Density & Centralisation
Density will help us understand the potential linkages while Centralisation will identify hubs in the trade network.

Subgroup Analysis
It will be useful to identify cliques in the trade of environmental goods and whether flows are predominantly one of the four:
1)     North-North
2)     North-South
3)     South-North
4)     South-South

My hypothesis is the first two types of flows dominate when it comes to trade in environmental goods and services. Subgroup analysis will help us identify the hubs and spokes of the system or identify a core-periphery structure if it exists, in trade in environmental goods and services.

Social Network Analysis is a useful tool here besides traditional economic analysis because it can help identify a core-periphery structure in the trade of environmental goods through centrality, whole network and subgroup analysis. It can also help highlight potential linkages in the network and identify new opportunities and potential leaders/hegemons in trading environmental goods.

If I take the second module, I will only be restricting my analysis to Eurasia due to shortage of time.


Monday, October 21, 2019

Mapping the Radicalization of Incels and the Spread of the Incel Network


There is a rising movement of people who identify as “incels,” –shorthand for “involuntary celibates.” This is a growing group of people (primarily men) who believe that they are oppressed by society’s strict status quos and norms that effectively prohibit the ugly or socially awkward from having sex. What began as a type of online support group for the dateless morphed into forums for misogyny and hate. With some veins of influence from the alt-right and sexism, incel networks are a growing danger, specifically for women. The extremist views of incels are often developed over time, and online networks use radicalization techniques not unlike those of ISIS and other extremist groups to gradually groom men to ascribe to extreme views about women. More and more, the hate speech and online vitriol is translating into physical violence. There have been several terrorist attacks against women, like the 2014 University of California Santa Barbara killing spree[1], a Toronto van attack[2], and the 2018 gunning of a Tallahassee yoga studio[3].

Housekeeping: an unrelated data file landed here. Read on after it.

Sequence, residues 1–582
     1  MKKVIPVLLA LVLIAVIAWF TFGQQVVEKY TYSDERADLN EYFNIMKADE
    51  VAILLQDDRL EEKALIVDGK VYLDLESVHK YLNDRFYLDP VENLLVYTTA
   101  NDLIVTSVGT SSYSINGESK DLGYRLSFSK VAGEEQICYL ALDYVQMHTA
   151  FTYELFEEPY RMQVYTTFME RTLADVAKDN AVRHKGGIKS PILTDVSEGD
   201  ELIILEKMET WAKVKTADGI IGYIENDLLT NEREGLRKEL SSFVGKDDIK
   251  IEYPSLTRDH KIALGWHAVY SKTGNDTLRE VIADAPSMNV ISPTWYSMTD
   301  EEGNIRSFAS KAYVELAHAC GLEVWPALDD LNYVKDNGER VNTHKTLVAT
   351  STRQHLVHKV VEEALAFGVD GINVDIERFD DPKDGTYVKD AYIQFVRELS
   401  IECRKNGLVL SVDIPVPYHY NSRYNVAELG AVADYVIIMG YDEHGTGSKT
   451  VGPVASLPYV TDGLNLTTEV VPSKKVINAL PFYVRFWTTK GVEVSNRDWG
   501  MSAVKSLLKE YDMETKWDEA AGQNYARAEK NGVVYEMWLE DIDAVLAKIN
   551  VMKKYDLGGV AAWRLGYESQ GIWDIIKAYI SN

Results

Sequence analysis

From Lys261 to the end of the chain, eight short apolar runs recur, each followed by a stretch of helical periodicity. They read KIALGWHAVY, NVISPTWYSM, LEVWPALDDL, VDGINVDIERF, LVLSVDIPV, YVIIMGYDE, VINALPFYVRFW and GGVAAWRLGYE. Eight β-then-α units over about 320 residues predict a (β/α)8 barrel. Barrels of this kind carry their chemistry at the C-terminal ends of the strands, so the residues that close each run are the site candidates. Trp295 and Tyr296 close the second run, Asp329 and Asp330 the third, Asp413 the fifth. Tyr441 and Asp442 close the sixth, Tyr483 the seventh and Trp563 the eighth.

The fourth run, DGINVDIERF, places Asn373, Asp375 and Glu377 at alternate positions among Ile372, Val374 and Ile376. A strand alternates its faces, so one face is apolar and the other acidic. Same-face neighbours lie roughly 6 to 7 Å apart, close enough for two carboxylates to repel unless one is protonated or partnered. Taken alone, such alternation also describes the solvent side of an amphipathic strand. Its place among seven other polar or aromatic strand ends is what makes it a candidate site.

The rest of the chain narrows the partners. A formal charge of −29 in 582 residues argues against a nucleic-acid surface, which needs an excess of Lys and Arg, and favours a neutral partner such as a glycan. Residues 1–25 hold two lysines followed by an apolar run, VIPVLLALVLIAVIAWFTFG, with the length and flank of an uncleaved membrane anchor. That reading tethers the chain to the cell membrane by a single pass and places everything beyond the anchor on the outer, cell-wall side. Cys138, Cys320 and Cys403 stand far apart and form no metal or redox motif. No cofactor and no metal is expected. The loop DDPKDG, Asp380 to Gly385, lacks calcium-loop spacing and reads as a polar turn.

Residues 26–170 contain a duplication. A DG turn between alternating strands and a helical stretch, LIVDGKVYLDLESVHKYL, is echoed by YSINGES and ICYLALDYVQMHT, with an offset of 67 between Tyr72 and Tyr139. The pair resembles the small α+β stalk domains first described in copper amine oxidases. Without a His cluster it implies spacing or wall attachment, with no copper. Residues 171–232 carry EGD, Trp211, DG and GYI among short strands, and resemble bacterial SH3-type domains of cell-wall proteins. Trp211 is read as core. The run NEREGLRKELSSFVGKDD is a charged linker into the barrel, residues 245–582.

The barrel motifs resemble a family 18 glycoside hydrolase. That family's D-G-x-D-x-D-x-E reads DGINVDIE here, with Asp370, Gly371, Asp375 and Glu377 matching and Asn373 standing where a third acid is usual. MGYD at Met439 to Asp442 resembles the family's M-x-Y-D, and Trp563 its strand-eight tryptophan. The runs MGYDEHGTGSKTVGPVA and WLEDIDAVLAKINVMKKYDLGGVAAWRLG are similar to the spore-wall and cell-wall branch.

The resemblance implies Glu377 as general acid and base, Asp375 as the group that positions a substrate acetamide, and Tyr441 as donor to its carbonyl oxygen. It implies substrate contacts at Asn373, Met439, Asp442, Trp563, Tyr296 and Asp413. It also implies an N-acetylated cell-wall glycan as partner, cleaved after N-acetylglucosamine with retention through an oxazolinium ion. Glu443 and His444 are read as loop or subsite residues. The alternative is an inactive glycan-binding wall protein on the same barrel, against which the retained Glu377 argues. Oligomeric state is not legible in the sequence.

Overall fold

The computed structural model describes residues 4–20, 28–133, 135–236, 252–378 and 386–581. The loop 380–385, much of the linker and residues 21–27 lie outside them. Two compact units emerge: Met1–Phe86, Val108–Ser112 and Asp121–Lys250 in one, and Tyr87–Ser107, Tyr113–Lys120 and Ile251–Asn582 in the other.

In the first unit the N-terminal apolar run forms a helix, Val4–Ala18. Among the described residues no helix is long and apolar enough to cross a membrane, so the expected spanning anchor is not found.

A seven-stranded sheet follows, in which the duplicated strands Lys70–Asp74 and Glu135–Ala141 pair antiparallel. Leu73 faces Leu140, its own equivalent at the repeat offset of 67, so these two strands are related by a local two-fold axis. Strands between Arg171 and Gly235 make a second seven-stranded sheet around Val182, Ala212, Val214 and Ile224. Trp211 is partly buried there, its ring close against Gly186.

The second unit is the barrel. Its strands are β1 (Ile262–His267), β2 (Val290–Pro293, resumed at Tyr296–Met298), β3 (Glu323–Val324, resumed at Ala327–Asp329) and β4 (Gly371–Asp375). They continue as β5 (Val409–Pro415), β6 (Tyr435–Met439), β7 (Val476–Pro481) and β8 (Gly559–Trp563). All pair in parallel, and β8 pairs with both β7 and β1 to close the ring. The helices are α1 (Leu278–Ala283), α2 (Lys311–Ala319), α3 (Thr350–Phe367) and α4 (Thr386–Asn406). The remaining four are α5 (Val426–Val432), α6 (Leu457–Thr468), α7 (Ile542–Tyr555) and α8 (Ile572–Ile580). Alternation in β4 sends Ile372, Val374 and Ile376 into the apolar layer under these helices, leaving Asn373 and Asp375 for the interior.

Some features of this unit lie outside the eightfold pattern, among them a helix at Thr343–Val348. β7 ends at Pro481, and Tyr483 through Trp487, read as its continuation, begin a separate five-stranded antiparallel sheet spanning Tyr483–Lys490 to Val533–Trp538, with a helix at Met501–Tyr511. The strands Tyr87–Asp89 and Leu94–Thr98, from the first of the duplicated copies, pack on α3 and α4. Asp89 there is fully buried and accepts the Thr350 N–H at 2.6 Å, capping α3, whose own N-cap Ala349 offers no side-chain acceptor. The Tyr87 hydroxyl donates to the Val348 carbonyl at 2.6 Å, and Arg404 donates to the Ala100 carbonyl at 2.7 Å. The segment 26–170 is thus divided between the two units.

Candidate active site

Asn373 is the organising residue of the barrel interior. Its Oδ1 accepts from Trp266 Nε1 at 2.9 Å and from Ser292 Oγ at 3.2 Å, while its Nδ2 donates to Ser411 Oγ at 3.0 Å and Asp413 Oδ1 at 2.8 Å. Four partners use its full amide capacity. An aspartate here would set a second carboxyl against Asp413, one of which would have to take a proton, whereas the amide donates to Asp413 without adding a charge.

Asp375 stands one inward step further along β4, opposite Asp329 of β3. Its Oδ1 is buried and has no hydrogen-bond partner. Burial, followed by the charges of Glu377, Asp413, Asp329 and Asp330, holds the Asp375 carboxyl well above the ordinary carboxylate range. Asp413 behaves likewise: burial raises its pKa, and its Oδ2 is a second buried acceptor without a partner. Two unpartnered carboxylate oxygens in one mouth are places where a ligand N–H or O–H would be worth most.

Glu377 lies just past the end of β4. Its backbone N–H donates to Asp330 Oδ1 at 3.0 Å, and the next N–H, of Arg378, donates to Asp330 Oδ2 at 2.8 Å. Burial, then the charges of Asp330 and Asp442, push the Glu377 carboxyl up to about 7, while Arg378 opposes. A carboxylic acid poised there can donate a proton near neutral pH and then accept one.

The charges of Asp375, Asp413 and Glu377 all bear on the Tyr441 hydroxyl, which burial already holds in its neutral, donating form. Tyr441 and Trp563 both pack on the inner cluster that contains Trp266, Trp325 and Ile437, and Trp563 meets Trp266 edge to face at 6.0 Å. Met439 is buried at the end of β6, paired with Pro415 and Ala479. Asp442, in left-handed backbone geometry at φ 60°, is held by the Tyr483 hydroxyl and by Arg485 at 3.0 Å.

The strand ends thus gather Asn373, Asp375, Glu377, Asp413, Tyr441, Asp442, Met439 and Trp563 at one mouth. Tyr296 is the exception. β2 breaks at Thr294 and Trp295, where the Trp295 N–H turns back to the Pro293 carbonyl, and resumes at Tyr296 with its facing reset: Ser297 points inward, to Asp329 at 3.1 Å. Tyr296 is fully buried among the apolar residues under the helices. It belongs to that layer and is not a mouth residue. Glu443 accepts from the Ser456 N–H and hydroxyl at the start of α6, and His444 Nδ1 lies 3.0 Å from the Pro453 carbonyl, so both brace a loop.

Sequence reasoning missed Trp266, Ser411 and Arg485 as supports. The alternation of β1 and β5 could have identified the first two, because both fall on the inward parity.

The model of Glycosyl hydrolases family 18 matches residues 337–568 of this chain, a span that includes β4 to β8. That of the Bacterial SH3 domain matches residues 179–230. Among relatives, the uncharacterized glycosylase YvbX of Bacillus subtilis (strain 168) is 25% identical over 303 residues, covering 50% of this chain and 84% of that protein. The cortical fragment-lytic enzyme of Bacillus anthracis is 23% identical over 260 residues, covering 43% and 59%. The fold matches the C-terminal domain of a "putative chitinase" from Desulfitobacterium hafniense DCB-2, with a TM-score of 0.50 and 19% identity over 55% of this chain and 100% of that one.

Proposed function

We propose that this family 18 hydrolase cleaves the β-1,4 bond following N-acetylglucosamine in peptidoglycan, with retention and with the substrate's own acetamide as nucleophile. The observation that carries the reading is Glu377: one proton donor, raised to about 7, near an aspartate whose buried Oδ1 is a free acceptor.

There is fairly little research on incel networks to date, with merely a few Vox articles sparking interest in the public. The ascension of the network is interesting, because the original founder of the incel movement lost control of the narrative long ago and the network morphed from support for people who felt ostracized into an echo chamber that blamed women, ironically the object of the incels’ desires, for their inability to connect with them. There is a great deal of crossover between incels and fringe-right forums like 4chan, which may lend some insight into how extreme ideas develop and how incels have broadened their network and reach so quickly.

Research Questions:

There are several research questions that I hope to address using Social Network Analysis to study this topic:
  • Who are the current leaders/voices in the incel communities?
  • Are there sub-communities (cliques) within broader incel networks? What types of connections do they have with the leaders of the broader communities?
  • Are there incel cliques within other types of extremist networks (like alt-right networks)?
  • How have incel networks grown over the past ~20 years?
  • What other networks do they overlap with? Are incels actively recruiting from these other networks or is there a common set of interests that naturally pulls people in from alt-right networks?